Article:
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“Do-it-yourself in vitro vasculature that recapitulates in vivo geometries for investigating endothelial-blood cell interactions”


Investigating biophysical cellular interactions in the circulation currently requires choosing between in vivo models, which are difficult to interpret due in part to the hemodynamic and geometric complexities of the vasculature; or in vitro systems, which suffer from non-physiologic assumptions and/or require specialized microfabrication facilities and expertise. To bridge that gap, we developed an in vitro “do-it-yourself” perfusable vasculature model that recapitulates in vivo geometries, such as aneurysms, stenoses and bifurcations and supports endothelial cell culture. These inexpensive, disposable devices can be created rapidly (<2 hours) with high precision and repeatability, using standard off-the-shelf laboratory supplies. Using these “endothelialized” systems, we demonstrate that spatial variation in vascular cell adhesion molecule (VCAM-1) expression correlates with the wall shear stress patterns of vascular geometries. We further observe that the presence of endothelial cells in stenoses reduces platelet adhesion but increases sickle cell disease (SCD) red blood cell (RBC) adhesion in bifurcations. Overall, our method enables researchers from all disciplines to study cellular interactions in physiologically relevant, yet simple-to-make, in vitro vasculature models.


The pathophysiology of various hematologic and vascular diseases such as sickle cell disease, malaria, myocardial infarction and stroke involve pathologic biophysical cellular interactions among different blood cell subpopulations and the endothelium1,2,3,4. These interactions are mediated by the hemodynamic forces of the circulation, which, in turn, are dictated by local vessel geometry. For example, platelet activation and aggregation occurs most readily in high shear conditions of a stenotic arterial lesion4,5. Therefore, a comprehensive and quantitative understanding of disease pathophysiology requires studying these pathologic biophysical cellular interactions in the context of vascular geometries. This is infeasible, however, with current animal models as neither flow nor vessel geometry can be tightly controlled.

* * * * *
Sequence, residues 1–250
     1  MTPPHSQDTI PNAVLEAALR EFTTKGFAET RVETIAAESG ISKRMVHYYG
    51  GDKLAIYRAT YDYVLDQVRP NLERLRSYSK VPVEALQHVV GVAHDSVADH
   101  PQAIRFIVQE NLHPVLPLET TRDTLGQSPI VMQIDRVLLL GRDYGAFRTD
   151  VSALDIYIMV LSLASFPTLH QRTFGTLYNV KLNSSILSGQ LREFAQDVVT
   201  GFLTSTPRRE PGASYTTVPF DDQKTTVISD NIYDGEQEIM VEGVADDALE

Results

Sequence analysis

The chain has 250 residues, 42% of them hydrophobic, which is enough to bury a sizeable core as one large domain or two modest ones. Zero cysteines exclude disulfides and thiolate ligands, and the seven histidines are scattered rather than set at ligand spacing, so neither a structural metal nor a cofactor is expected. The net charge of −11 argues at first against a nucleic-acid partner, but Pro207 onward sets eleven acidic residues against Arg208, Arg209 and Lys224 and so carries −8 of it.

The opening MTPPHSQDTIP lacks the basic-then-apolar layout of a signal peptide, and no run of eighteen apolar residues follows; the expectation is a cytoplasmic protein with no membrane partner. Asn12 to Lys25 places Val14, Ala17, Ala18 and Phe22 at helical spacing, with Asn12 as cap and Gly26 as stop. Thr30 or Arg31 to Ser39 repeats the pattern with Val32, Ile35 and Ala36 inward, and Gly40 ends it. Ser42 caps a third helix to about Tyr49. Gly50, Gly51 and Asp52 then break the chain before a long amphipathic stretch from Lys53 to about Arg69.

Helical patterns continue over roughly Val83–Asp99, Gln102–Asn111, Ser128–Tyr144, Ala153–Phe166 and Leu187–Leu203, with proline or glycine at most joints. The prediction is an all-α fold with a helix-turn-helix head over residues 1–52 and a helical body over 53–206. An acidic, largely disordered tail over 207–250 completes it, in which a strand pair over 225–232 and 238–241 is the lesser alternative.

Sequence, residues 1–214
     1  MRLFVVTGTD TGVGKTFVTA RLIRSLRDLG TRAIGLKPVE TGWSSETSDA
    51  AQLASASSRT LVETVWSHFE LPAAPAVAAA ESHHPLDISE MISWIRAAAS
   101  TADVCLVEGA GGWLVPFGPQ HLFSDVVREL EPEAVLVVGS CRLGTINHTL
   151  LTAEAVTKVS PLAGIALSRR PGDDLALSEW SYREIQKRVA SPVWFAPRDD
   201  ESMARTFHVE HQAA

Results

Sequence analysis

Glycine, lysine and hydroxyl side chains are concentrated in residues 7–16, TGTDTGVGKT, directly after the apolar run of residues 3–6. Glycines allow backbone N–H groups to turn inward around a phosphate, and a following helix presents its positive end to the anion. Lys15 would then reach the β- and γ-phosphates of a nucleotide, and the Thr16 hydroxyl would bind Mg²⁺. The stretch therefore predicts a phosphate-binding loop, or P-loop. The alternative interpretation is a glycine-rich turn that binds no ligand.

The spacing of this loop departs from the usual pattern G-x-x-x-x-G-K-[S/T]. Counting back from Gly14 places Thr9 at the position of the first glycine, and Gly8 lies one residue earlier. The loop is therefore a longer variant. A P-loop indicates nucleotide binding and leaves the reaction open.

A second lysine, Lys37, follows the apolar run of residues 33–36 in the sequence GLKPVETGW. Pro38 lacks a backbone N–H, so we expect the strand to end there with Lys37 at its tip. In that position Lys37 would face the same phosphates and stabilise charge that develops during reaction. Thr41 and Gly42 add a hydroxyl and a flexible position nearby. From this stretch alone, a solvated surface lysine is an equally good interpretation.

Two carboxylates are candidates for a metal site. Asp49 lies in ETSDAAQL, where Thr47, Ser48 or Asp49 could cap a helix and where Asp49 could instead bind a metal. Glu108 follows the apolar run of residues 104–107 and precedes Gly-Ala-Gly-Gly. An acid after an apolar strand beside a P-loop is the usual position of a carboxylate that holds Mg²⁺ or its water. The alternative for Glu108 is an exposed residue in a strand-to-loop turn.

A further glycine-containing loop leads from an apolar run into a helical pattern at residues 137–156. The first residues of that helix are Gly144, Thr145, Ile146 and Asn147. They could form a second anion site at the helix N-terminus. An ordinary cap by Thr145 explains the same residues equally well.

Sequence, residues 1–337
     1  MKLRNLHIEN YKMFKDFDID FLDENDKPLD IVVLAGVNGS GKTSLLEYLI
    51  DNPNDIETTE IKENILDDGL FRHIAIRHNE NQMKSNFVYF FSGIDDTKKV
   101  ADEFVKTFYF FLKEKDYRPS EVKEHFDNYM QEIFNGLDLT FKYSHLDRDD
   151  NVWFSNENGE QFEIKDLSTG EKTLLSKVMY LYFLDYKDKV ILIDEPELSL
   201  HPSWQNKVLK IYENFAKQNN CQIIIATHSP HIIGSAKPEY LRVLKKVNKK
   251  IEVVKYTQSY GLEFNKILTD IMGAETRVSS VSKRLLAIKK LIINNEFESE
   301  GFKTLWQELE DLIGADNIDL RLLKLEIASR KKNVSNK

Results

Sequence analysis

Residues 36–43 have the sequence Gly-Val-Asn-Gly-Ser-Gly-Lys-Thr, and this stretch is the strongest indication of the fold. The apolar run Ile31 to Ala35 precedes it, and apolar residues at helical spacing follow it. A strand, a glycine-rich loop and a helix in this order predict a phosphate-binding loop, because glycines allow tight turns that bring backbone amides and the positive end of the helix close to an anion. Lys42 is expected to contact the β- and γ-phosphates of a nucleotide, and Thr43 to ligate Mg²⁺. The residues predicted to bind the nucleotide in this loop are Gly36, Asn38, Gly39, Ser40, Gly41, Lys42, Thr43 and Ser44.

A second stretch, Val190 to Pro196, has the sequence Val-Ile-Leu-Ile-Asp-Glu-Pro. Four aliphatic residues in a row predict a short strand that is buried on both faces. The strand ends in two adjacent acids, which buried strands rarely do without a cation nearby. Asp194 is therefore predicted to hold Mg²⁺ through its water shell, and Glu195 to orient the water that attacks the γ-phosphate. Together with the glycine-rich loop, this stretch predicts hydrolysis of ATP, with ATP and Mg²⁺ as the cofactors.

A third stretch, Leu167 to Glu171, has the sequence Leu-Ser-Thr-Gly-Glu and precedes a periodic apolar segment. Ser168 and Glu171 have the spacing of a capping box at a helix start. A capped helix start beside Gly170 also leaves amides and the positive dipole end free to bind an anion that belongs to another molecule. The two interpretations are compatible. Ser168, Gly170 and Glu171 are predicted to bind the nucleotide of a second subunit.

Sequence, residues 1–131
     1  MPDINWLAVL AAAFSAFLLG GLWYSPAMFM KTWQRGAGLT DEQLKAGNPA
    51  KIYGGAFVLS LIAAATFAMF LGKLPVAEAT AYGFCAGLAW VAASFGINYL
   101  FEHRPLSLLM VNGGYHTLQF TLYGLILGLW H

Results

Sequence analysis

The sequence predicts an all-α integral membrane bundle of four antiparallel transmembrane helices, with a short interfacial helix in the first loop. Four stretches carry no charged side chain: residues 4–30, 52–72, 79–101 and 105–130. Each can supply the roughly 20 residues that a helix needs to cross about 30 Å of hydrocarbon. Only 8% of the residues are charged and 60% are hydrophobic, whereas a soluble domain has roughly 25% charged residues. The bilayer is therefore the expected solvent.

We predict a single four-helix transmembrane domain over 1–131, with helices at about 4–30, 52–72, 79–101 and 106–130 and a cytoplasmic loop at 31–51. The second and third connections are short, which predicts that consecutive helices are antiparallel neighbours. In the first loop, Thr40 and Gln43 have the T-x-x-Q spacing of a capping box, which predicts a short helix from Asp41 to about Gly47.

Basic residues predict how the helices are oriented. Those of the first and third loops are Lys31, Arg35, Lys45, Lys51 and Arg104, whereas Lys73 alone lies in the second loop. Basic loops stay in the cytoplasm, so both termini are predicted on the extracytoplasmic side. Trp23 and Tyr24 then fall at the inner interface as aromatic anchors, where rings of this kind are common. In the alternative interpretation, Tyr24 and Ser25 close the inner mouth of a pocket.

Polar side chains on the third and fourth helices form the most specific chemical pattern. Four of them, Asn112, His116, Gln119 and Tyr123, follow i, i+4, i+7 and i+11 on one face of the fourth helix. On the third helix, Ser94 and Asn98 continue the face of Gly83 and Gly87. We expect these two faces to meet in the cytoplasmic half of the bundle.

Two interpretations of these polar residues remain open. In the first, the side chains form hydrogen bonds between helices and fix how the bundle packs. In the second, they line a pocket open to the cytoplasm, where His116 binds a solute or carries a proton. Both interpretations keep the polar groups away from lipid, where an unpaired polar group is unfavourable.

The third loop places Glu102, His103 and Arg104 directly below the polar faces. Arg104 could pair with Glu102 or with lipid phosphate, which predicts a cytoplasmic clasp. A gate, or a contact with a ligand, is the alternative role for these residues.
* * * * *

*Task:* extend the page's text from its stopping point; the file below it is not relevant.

In vitro flow-based models have provided valuable insight but are often either too simple to accurately reflect physiologic conditions or too complex as to preclude widespread use. For example, standard in vitro models often employ cone-and-plate viscometry to induce shear forces on endothelial monolayers, but this neglects vascular geometry and the resulting complex flow patterns (e.g., secondary flow)6. Microfluidic devices fabricated with photolithographic techniques have advanced our understanding of flow-based cell-cell interactions7,8, but these techniques require access to advanced tools and microfabrication facilities9 and are confounded by non-physiological flows resulting from the rectangular cross section of microchannels10. 3D printing has been used to develop in vitro vasculature models that result in improvements upon typical in vitro systems11. However, these systems cannot readily recapitulate vascular geometries relevant to disease pathophysiology and are not inexpensively available to the typical biomedical researcher11. Macroscale models to bridge in vivo and in vitro studies have focused on creating molds derived from living tissue12,13 but require numerous tissue samples and castings and suffer from reduced device yield due to experimental complexity.

Our simple 3-dimensional “endothelial-ized” in vitro vasculature addresses the clear need for an in vitro model that sufficiently and accurately recapitulates the geometries and cellular environment of blood vessels in vivo, as well as the mechanical environments (as confirmed by our computational flow dynamics (CFD) modeling)14,15. The cylindrical microchannels of our devices support the culture of various types of endothelial cells (Supplemental Fig. 1) and are easily modified to create clinically relevant vascular geometries including stenoses, aneurysms and bifurcations. This “do-it-yourself” (DIY) vasculature technique requires no microfabrication skills or equipment and is broadly accessible, as inexpensive, common off-the-shelf materials are used to produce precise, reproducible, tunable vascular geometries that induce predictable physiologic alterations in wall shear stress (WSS)16.